When it comes to renting an apartment, one of the most easily overlooked aspects of budgeting is the extent to which your utility bills can range in cost. There are many factors that affect the price you pay for utilities, including the number of people in your apartment, whether or not the building offers gas in addition to electric, whether or not the unit has large appliances like a washing machine or dishwasher in it, whether or not there’s central air or window units, etc. — which is exactly why it’s important to have a good upfront idea of what your budget is and what you can do to keep these bills to a minimum. Of course, it’s also important to know what’s normal in terms of utility costs, so a good rule of thumb is to look up the average prices in your area.
Electricity and Gas
When considering average utility costs per month, electricity and gas are likely to be your most expensive bills. If you want to bring the prices down a bit, take the size of your apartment and the general climate into account. The money spent heating an apartment in Florida would obviously yield a much cheaper bill than heating a similarly-sized unit in Colorado would, simply because of the local temperature.
Some apartments don’t provide gas at all, meaning all the appliances in them run solely on electricity. This can be both a positive and a negative, for while your electricity bill will be higher each month, you won’t receive a gas bill at all. If your apartment does have gas, your hot water usage is an important factor. Every time you turn your sink’s left knob, the gas-powered water heater in your apartment is activated. Many people turn the water on without even thinking about which knob they twist. Trying things like washing the dishes and brushing your teeth with cold water rather than hot is a great way to cut back on gas usage.
Water and Sewage
Water and sewage fees are oftentimes included in your monthly rent. If they aren’t, you will most likely be billed for your water and sewage usage by your city. On average, dry cities like Las Vegas and Phoenix have higher water usage rates than places like New Orleans and Portland, where the average annual rainfall is much higher. This can drive up water prices in certain areas.
To better understand your personal water usage, check to see if your water company provides a water usage graph in your monthly statements. These graphs often show the lowest and highest points of water usage over the course of a year (or more), which can be very helpful information when it comes to controlling the amount of water your family uses during those times.
In the words of the EPA, “While using water efficiently is important throughout the year, sometimes the timing of water use can make a big difference for community water supplies — and your water bill… Some systems may be forced to restrict outdoor watering during the peak to ensure that water is available for more important community needs. Some utilities provide information on how your household compares to that of your neighbors. This can help you see how your usage stacks up versus other users in your same climate area and can be a helpful way of gauging your ‘WaterSense.'”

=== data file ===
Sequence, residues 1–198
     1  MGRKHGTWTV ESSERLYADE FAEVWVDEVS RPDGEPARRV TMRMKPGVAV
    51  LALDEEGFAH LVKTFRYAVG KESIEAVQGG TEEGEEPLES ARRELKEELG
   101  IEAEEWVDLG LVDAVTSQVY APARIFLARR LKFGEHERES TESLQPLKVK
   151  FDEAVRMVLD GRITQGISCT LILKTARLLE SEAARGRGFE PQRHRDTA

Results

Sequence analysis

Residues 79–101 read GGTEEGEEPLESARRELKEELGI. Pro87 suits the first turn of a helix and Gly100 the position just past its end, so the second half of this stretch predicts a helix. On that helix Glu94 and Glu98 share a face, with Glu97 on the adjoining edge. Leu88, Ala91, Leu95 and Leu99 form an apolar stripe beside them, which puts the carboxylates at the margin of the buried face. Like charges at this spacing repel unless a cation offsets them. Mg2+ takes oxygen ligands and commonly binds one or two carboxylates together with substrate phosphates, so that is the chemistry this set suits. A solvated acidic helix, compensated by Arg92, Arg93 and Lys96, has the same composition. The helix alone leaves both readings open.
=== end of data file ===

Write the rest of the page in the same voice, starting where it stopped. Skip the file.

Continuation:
Trash and Recycling
Although many apartment complexes have large community trash and recycling receptacles, you are still likely to be billed each month for pick-up. If your complex has relatively average utility prices, you can expect to pay between $10 and $40 a month for trash pick-up, but the fee can be higher if your apartment offers recycling services as well. Some apartments also offer doorstep trash valet services for an additional charge, in which case you can just leave your trash in a receptacle outside your front door, and a representative will take it out to the bins for you.
Many people don’t realize that refrigerator upkeep can contribute greatly to monthly energy costs. Most refrigerators have built-in ventilation filters on both their back and front sides. Over time, these filters can become clogged with dust and debris, so it’s important to clean them out when you can. Take your vacuum hose and run it along the front bottom of your fridge. Then pull the fridge out and do the same thing all along it’s back. You will find that not only will the refrigerator work more efficiently, but you will also save some serious money. The same is true for clothes dryers, so make sure to clean the lint filter between uses. Most dishwashers and washing machines have “eco” and/or “cold water” settings that skip the heating phase to save energy. You should also make sure that the temperature inside your refrigerator/freezer is not set too cold. Ice accumulation in the freezer, constant freezer burn, and chips of ice floating on the top layer of liquids in the fridge are all signs that your settings might be too cold.
Go Green To Save Green
Pretty much the easiest and most efficient way to take control of your utility bills is to go green. If you think about the amount of resources you use in terms of their effect on the environment, you’ll quickly see how many little steps can be taken each day to cut down your monthly energy usage. Do you leave the lights on in rooms you’re not in? Do you turn on the central air when a ceiling fan would be more than enough? Do you leave the water on when you’re brushing your teeth? Make sure that your unit is properly weather sealed and insulated. Switch from incandescent bulbs to eco bulbs. Check the EnergyStar rating on new appliances before you buy them. Inspect the front door, patio doors, and windows to make sure their weather stripping is intact. Hold your hand over the edges of windows and doors to see if you can feel air coming in from outside. If you can feel air coming in or see any outside light, the weather stripping may need to be replaced.
The more conscious you are of taking your energy usage into your own hands, the easier it will be to control the normalcy of its price range.